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Tuesday, December 6, 2016
Zimbabwe's religious speak out against Mugabe's land reform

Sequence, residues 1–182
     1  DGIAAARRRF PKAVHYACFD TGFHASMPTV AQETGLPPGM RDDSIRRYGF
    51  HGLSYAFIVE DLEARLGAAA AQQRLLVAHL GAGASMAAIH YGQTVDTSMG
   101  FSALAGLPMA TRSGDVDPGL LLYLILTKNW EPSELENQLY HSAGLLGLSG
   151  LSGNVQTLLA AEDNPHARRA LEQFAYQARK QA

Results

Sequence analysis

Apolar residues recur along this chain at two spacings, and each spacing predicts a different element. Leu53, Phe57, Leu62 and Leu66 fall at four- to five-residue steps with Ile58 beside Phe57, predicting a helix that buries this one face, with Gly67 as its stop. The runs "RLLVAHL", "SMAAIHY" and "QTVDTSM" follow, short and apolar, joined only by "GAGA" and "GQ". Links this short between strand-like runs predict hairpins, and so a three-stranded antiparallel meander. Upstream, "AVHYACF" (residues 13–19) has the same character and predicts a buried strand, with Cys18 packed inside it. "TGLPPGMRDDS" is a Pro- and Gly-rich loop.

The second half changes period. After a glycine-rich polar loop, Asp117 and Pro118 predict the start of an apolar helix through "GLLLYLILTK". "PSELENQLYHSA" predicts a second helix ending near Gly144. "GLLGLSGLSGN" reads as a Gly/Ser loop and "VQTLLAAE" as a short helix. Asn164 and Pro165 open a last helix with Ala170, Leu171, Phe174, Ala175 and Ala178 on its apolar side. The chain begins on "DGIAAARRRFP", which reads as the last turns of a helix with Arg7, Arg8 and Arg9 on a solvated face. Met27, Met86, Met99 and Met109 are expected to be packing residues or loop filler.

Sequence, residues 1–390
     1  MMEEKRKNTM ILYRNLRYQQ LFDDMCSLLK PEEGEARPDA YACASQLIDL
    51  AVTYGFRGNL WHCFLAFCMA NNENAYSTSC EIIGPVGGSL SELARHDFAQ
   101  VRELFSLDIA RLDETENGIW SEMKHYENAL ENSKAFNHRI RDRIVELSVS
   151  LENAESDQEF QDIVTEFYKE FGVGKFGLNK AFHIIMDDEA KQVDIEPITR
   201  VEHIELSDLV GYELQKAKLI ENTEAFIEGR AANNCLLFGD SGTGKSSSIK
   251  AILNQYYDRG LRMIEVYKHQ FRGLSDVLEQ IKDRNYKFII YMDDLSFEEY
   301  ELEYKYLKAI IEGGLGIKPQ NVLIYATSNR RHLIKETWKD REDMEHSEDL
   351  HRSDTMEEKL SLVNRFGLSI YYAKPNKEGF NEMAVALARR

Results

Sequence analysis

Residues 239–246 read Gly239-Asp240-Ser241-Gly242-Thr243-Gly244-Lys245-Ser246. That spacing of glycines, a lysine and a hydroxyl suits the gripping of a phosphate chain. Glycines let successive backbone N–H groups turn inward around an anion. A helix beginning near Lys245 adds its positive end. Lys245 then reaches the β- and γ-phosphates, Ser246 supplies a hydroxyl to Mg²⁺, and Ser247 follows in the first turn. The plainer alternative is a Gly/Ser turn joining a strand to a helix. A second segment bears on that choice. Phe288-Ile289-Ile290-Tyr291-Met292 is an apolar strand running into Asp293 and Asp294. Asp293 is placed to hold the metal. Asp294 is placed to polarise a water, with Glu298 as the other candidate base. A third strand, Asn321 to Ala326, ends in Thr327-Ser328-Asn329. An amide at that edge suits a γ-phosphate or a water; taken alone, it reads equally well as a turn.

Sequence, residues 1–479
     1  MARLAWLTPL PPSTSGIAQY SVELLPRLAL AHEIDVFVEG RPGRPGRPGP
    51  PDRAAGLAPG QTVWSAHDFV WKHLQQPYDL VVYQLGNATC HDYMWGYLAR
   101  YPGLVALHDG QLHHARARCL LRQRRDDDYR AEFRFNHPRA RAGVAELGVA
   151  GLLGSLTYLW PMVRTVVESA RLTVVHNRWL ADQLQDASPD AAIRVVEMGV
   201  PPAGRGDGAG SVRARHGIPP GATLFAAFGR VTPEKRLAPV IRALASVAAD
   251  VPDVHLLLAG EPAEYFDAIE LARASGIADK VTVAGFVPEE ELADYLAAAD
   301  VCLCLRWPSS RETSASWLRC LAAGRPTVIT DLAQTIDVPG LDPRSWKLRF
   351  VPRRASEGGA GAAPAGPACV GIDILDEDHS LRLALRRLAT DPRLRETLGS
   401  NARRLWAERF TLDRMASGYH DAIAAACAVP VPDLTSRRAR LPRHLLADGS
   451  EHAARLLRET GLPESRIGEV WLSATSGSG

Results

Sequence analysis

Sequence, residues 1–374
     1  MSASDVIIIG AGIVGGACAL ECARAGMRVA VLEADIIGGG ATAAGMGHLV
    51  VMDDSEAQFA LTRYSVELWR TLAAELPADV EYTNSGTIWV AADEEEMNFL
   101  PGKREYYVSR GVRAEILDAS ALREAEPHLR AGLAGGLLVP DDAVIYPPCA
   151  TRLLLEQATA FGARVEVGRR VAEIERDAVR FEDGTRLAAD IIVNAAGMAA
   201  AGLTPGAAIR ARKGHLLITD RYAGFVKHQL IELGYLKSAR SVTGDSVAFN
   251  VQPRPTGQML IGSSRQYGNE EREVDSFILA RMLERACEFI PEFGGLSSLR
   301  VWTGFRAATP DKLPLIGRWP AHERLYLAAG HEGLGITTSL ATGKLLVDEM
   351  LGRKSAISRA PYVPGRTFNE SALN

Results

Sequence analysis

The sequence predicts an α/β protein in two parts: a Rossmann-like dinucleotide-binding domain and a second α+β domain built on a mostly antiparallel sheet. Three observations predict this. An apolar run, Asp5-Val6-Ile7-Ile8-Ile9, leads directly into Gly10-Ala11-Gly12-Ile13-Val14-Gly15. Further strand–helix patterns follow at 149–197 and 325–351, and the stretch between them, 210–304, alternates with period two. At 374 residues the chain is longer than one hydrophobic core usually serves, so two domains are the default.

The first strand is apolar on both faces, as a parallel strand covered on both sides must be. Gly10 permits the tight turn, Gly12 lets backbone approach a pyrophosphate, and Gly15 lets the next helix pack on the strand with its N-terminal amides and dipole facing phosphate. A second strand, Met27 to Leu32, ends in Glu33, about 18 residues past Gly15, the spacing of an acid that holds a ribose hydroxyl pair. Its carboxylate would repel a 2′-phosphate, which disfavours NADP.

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¬†The Conference of Religious Superiors in Zimbabwe have criticised the government's land reform scheme publicly for the first time. The BBC reported yesterday that Conference has released a formal statement in support of the country's judges, who have been threatened with intimidation for criticising President Mugabe. "Zimbabwe is no longer a free country", the statement said. "People lived in abject fear of violence, crime and threats and that the rule of law is no longer respected." The document reaffirms the necessity of land reform but underlines that this must be carried out with a legal framework. It says that the fast-track land redistribution was inflicting untold misery on the farm labourers who were made redundant. The statement added that even many of the people who had been resettled onto confiscated farms faced great hardships and appeared to be pawns in a political power game. "Those who bear responsibility for the suffering of the people ≠ stated the Superiors ≠ need to know that they will be held accountable for their actions". Until recently most church leaders in Zimbabwe have taken a neutral position on the government's "fast-track" land reform scheme, which seeks to resettle five million hectares of white-owned farmland with poor black farmers. Those who have spoken out have faced death threats.
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